When you pass  through the waters I will be with you; and when I pass through the rivers, they will not sweep over you. When you walk through the fire, you will not be burned…’ (Isaiah 43v2)

We are hard pressed on every side, but not crushed; perplexed, but not in despair; peresecuted, but not abandoned; struck down, but not destroyed’ (2 Corinthians 4v8).

If you remain in me, and my words remain in you, ask whatever you wish, and it will be done for you. This is to my Father’s glory…’ (John 15v7)

These are truths that are true all the time, through our highs and lows, joys and disappointments; they don’t depend on our circumstances or how we feel. God means good for you always, it just doesn’t always feel good! If we put our hope in the promises of God, we won’t be shaken when the things we hope for do not come to pass.

Don’t forget that God does not make mistakes. Whatever door has been closed for you has been closed for a reason. I honestly believe that if God wanted me in Oxford then I would have got there, no bother. I also believe that if he didn’t, he would firmly shut the door. If something hasn’t happened for you, don’t get grumpy with God, complaining that he has done something wrong – he will open the right doors at the right time. (He has made everything beautiful in its time. Eccl 3v11)

I don’t have a clue what is happening next, but I have faith. ‘Faith is being sure of what we hope for and certain of what we do not see’ (Hebrews 11v1). If I am completely honest, this total uncertainty is scary, but so exciting! I have so many options open to me, and I know that I am completely in the will of God, so whatever doors open, they will be the right ones. Because I have put my hope in His promises, I am not afraid of what will come any more, I know it will be the best for me.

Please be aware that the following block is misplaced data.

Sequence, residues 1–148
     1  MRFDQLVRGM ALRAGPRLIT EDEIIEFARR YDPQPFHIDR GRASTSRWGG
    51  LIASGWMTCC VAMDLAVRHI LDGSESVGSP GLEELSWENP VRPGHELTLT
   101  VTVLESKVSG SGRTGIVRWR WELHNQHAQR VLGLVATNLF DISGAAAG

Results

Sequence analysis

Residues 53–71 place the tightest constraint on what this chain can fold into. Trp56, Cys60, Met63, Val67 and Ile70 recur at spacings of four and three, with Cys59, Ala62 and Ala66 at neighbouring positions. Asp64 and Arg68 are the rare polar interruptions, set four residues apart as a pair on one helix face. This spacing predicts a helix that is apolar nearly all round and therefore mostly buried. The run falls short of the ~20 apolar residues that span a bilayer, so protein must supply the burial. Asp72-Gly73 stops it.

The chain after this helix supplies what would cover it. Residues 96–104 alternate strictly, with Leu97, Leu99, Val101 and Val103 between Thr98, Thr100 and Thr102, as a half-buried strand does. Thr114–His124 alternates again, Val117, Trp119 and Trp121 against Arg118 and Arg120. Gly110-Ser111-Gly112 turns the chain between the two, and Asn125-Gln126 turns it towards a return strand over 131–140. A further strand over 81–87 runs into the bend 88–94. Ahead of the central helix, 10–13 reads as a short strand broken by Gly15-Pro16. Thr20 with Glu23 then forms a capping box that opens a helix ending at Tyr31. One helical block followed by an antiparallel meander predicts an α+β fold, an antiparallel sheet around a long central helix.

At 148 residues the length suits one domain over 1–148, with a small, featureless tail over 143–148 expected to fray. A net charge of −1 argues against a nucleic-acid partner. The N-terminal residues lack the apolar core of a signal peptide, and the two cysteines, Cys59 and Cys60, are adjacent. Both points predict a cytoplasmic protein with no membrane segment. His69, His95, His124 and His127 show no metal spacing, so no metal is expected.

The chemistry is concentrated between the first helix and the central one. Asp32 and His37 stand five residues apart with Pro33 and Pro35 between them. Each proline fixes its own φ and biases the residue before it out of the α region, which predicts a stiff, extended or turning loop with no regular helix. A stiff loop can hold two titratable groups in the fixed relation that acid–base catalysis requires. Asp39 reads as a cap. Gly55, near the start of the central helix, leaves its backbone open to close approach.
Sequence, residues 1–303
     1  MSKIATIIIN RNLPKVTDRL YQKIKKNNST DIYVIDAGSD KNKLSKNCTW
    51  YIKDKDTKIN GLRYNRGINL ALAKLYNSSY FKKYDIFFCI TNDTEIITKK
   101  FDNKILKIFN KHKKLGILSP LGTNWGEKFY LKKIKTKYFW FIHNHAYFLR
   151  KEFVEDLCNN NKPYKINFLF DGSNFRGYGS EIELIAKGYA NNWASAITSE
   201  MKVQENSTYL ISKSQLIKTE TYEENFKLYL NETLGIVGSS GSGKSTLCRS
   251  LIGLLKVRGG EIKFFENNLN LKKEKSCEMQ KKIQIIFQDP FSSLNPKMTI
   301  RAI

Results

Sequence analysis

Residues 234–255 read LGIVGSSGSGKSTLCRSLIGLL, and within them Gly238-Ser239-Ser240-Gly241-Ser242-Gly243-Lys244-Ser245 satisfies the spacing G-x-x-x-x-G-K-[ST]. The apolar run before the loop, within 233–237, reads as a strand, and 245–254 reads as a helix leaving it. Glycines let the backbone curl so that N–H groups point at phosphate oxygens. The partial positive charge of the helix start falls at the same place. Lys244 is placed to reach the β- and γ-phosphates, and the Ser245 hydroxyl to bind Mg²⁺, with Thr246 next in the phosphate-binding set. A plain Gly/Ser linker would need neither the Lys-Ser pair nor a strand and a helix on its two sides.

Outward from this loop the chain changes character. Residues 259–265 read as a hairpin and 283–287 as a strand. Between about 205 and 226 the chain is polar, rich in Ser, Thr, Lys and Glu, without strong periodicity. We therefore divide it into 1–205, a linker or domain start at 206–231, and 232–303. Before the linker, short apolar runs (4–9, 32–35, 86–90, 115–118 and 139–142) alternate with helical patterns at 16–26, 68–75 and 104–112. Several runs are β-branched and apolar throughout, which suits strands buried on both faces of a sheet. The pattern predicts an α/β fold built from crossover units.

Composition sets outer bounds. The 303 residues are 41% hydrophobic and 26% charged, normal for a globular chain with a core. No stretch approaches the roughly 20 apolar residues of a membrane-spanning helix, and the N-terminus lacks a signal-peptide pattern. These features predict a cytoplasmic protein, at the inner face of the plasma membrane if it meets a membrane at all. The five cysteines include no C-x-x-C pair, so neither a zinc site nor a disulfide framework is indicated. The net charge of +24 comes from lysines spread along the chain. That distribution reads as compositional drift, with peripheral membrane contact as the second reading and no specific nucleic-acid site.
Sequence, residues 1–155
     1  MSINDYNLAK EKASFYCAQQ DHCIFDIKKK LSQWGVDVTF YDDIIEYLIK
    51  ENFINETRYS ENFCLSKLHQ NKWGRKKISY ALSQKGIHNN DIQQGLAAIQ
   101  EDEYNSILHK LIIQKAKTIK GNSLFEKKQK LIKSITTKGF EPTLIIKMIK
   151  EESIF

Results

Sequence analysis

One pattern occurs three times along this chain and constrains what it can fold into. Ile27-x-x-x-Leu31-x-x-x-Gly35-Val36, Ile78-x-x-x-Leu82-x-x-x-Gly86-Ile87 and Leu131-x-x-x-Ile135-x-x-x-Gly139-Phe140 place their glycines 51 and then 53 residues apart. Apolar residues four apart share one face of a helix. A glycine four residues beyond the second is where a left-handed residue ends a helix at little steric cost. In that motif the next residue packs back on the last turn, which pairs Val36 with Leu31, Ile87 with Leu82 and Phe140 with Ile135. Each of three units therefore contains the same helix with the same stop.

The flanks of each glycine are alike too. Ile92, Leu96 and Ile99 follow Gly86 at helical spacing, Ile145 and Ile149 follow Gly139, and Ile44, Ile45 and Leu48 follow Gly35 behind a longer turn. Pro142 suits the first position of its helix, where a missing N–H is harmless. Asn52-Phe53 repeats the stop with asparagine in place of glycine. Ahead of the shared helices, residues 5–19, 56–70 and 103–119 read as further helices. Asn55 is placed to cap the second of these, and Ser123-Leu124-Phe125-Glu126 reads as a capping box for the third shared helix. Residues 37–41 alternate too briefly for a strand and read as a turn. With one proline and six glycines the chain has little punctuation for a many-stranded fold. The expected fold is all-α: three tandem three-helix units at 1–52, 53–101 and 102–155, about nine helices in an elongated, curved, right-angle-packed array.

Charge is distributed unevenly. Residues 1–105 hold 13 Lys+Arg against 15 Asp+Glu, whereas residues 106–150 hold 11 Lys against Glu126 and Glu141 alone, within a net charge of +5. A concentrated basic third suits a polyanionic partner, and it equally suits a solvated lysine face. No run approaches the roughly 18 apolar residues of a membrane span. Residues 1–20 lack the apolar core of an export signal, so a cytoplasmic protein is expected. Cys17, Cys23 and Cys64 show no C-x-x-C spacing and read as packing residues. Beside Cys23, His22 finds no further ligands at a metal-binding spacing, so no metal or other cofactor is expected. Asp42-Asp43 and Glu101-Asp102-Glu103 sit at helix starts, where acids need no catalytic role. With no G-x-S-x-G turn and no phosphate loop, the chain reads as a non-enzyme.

If you are in a place right now, like I was, facing a disappointment that has devastated you, take hope in the fact that God works all things for the good! At Soul Survivor this year we studied Joseph (it spoke to me an incredible amount) and in Genesis 50v20 it says ‘you intended to harm me, but God intended it for good’.  He will bring you out of this, and he will heal you, just like he has with me. So much good has come out of this, I would go through it all again to gain all the wisdom, gifts and knowledge of God I have. I know he loves me (and I know he loves you too!) he desires to give us the best, only the best, and help us to become the absolute best we can be. Sometime we have to face disappointment for us to receive his best. Hold on, because whatever is breaking you is making you.

God’s ways are the best. Sometimes it takes some hard lessons to learn that, but put your trust in the promises of the one who created the universe and still knows how many hairs are on your head.

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Aside | This entry was posted in Life, Love and loss, Uncategorized, When All is Not Bright and Beautiful: Suffering, Christians and the Bible. Bookmark the permalink.